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Case Reports in Hematology
Volume 2014, Article ID 208597, 7 pages
http://dx.doi.org/10.1155/2014/208597
Case Report

Acquired Von Willebrand’s Syndrome in Systemic Lupus Erythematosus

1Department of Internal Medicine, Albert Einstein College of Medicine, Jacobi Medical Center, Bronx, NY 10461, USA
2Division of Hematology and Oncology, Albert Einstein College of Medicine, Jacobi Medical Center and Montefiore Medical Center, Bronx, NY 10461, USA

Received 23 July 2014; Accepted 13 November 2014; Published 7 December 2014

Academic Editor: Marie-Christine Kyrtsonis

Copyright © 2014 Sara Taveras Alam et al. This is an open access article distributed under the Creative Commons Attribution License, which permits unrestricted use, distribution, and reproduction in any medium, provided the original work is properly cited.

Abstract

Acquired von Willebrand syndrome (AVWS) is an uncommon, underdiagnosed, and heterogeneous disease which is increasingly recognized as a cause of bleeding diatheses. Systemic lupus erythematosus (SLE) is an infrequent cause of AVWS. Herein, we report a case of AVWS diagnosed during the initial presentation of SLE in a previously healthy young man with no family history of bleeding diathesis who presented with worsening epistaxis, gastrointestinal bleeding, and anasarca. He was found to have severe anemia and prolonged activated partial thromboplastin time (aPTT) with severely decreased levels of von Willebrand factor (VWF) measurements in addition to markedly decreased factor VIII levels. Further evaluation revealed nephrotic syndrome and interstitial lung disease due to SLE. He initially received combination therapy with intravenous immunoglobulin (IVIG) and von Willebrand factor/factor VIII concentrates without significant improvement. Treatment with steroids, cyclophosphamide, and rituximab was followed by clinical improvement evidenced by cessation of bleeding. The short follow-up did not allow us to definitely prove the therapeutic effect of immunosuppressive treatment on AVWS in SLE patients. This case adds to the literature supporting the relationship between AVWS and SLE and highlights the importance of combination therapy in the treatment of severe AVWS as well as the role of IVIG, cyclophosphamide, and rituximab in AVWS associated with SLE.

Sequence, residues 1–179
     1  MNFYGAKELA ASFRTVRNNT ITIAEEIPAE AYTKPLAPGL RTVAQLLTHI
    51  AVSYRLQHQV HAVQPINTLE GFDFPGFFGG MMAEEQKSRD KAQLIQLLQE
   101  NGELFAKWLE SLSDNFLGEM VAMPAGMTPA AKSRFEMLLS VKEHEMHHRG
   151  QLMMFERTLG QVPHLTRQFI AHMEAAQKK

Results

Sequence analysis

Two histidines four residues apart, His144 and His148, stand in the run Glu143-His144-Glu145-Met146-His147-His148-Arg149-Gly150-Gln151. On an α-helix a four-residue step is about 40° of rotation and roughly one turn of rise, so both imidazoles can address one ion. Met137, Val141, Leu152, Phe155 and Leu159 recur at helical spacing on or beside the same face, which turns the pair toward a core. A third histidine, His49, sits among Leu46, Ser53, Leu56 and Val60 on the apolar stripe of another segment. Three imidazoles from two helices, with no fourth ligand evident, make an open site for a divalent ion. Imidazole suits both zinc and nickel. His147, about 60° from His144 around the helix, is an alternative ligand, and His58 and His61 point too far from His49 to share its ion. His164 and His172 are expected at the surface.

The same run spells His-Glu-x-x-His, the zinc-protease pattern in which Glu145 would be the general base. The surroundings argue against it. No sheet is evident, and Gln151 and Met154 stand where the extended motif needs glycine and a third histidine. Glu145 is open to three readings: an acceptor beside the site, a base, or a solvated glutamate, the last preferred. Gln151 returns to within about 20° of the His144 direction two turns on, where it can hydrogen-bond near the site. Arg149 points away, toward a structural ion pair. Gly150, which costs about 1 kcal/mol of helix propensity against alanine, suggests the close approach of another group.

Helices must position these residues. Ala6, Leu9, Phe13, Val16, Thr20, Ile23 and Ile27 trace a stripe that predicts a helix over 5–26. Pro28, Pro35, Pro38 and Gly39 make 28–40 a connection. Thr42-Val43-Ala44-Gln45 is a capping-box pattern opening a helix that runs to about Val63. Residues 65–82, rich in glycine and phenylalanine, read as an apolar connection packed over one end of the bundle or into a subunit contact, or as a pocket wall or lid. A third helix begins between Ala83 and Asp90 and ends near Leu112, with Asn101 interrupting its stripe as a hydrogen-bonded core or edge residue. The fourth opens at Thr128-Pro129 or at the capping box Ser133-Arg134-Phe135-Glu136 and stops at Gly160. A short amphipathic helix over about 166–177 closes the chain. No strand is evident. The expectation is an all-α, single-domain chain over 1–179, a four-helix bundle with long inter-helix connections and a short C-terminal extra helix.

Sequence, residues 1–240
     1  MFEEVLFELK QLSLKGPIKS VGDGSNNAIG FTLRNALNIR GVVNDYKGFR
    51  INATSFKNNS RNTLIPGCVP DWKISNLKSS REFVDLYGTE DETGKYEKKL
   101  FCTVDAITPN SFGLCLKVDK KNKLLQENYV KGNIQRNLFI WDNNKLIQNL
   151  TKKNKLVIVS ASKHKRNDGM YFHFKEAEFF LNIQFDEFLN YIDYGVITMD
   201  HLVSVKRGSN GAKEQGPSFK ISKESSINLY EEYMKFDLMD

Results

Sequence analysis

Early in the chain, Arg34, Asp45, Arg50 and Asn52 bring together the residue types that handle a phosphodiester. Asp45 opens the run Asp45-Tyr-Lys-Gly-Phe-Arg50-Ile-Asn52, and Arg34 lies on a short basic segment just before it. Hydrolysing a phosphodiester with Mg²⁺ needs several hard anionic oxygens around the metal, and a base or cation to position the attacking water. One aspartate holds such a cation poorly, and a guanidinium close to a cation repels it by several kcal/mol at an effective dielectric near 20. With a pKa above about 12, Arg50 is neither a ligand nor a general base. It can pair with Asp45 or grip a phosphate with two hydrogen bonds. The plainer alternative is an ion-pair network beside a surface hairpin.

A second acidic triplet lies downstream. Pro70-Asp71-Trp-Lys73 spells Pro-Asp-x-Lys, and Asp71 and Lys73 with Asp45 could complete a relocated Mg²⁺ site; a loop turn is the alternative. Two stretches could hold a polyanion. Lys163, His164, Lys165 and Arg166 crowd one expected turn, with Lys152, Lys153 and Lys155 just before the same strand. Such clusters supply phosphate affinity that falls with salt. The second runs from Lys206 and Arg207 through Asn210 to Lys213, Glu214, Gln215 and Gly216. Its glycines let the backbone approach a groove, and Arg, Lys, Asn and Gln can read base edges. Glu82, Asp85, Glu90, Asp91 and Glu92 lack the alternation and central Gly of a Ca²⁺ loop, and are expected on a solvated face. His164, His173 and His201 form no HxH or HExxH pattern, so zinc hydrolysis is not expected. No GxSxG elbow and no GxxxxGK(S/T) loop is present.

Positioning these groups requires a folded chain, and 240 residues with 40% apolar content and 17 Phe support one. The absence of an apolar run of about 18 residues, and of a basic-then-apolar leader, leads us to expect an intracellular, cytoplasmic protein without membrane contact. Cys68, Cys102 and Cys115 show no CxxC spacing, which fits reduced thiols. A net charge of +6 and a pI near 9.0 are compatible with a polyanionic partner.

1. Introduction

Acquired von Willebrand syndrome (AVWS) is a rare but increasingly recognized cause of bleeding diathesis. It should be suspected in patients with mucocutaneous bleeding without a prior personal or family history of bleeding disorders and an isolated elevated activated partial thromboplastin time. Systemic lupus erythematosus (SLE) is an infrequent cause of AVWS, but associations between these two diseases have been documented and described in the literature [118]. Herein, we present a case of severe AVWS diagnosed during the initial presentation of SLE in a previously healthy young man.

2. Case Report

A 26-year-old Mexican male with no significant past medical history other than a childhood appendectomy presented to the emergency department after several weeks of worsening epistaxis. He also admitted to have easy bruising, 1-2 episodes of tarry stools, lower extremity swelling, and increased abdominal girth during this time, as well as fatigue and decreased exercise tolerance.